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Catalogued, packaged and displayed, looking through glass at our history. Corridors of locked cabinets within which are stored a phantasmagoria of human inquiry; screens we dare not touch, through which we can only gaze. Down every corridor of this mighty building, on either side, butterflies of every imaginable colour; shells the size of emus; skulls of men, women and children who knew well the primal dark; skeletons of beasts of unimaginable proportions—all protected within controlled atmospheres where humidity measuring devices murmur quietly amidst the shuffling feet of visitors. A sarcophagus of speculation and intrigue down through which we wander, in awe, in dreams, inside the Museum.

For many of us, this was the kind of museum we grew up with, one where history was untouchable, but presented with a sense of showmanship. The museum was filled with drama: frozen battles, hunts and representations of historical moments stimulated the imagination much like a waxworks museum on steroids. But these are museums of the past. They may one day be on show themselves within a Museum of Museums, but such a place would no doubt be virtual, to be explored, perhaps more interactively, via another display case of sorts, the computer screen.

In Melbourne, we are losing the last remnant of our once magnificent Museum, its Planetarium. A few moments in the Planetarium, seated in one of its cozy chairs and you were transported into the heavens. No VR goggles, no 3D glasses. An early 1960s Japanese-made projector with multiple lenses, a domed ceiling for a screen and reclining seats was all it took. But it’s going, perhaps to be replaced by something akin to the infamous CAVE, a walk-through virtual environment driven by two powerful ONYX computers, a suite of video projectors and an armory of 3D glasses. Sounds great doesn’t it!

Visitors to the launch of the Ars Electronica Centre, Austria’s Museum of the Future, first saw the CAVE in September 1996. Ars Electronica is host not only to the CAVE, but is a screen-based display and interactive environment of research and inquiry. The Museum has grown out of the spectacle into an “intelligent environment”.

Ars Electronica describes itself as a “knowledge machine” with a mission to help visitors attain information “fitness”. A kind of mental gymnasium where science, art and business are seen to be working together in an “interdisciplinary interface between technology, culture and society”. More a museum of concepts, ideas and the commercial development of them. In fact, changing the notion of museum as historical archive to an open laboratory.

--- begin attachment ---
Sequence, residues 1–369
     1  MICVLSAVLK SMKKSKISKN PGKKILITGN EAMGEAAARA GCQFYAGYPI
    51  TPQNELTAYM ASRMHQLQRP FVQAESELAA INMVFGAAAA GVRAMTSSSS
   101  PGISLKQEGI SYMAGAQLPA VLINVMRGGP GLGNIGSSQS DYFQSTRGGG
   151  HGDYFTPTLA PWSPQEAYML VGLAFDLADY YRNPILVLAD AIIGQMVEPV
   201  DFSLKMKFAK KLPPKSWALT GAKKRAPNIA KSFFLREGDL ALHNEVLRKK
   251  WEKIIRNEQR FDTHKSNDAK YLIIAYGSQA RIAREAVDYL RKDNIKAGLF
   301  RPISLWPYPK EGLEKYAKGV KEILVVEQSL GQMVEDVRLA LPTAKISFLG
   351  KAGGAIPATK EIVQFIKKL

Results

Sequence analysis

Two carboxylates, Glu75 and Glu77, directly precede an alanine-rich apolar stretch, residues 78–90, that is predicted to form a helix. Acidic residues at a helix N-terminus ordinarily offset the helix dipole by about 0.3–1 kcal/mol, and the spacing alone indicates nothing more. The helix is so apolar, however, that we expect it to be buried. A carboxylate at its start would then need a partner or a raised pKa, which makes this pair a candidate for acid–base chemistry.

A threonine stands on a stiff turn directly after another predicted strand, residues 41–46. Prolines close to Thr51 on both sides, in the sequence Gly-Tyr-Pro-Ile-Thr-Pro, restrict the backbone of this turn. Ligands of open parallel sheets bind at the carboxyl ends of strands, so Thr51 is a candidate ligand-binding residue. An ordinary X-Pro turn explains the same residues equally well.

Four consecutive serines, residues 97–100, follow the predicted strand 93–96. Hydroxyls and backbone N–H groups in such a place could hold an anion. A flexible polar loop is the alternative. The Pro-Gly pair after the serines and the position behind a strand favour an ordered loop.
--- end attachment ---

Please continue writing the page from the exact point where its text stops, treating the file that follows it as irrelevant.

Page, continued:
Keeping its foot literally in the new media door, Ars Electronica has founded and continues to host international forums from which it draws its conceptual framework. This year, from September 8–13, Ars Electronica mediates its annual festival and symposium. This year’s theme, titled “Fleshfactor: Informationsmaschine Mensche”, is the Mensch, the human being. Festival Directors Gerfried Stocker and Christine Schôpf are creating an investigative environment around their short, but potent, manifesto for Fleshfactor:

In light of the latest findings, developments and achievements in the fields of genetic engineering, neuro-science and networked intelligence, the conceptual complex now under investigation will include the status of the individual in networked artificial systems, the human body as the ultimate original, and the strategies for orientation and inter-relation of the diametric opposites, man and machine, in the reciprocal, necessary processes of adaption and assimilation.

Participants in Fleshfactor will include Donna Haraway, Neal Stephenson, Steve Mann and Stelarc. The net version of the symposium has been active for several months, consolidating the key issues and subject matter that will be explored throughout the duration of the festival.

Each year, in collaboration with the Upper Austrian Studio of Austrian Radio, Ars Electronica invites artists the world over to contribute new works to the Prix Ars Electronica. This year, four out of the 900 entries won a total of $135,000.

Many of us hold Ars Electronica in great esteem. It is a place where innovation, the edge of new media arts, has both a home and centre for research and discourse. That it is, but on the ground, it’s also a business and a very young communicator. It has created expectations of itself through its manifesto, its vision—much of which it is still learning to accommodate, let alone live up to. That said, Ars Electronica is most certainly of the ‘brave new world’. It displays both courage and a commitment to experimentation that we have yet to see in any equivalent institution in Australia. We have Scienceworks and its successful Cyberzone exhibit, but it is a long way from the technology and cultural incubator that is Ars Electronica.

Ars Electronica Centre,

Ars Electronica Festival,

Prix Ars Electronica, [expired]

RealTime issue #20 Aug-Sept 1997 pg. 27

© Andrew Gaynor; for permission to reproduce apply to [email protected]

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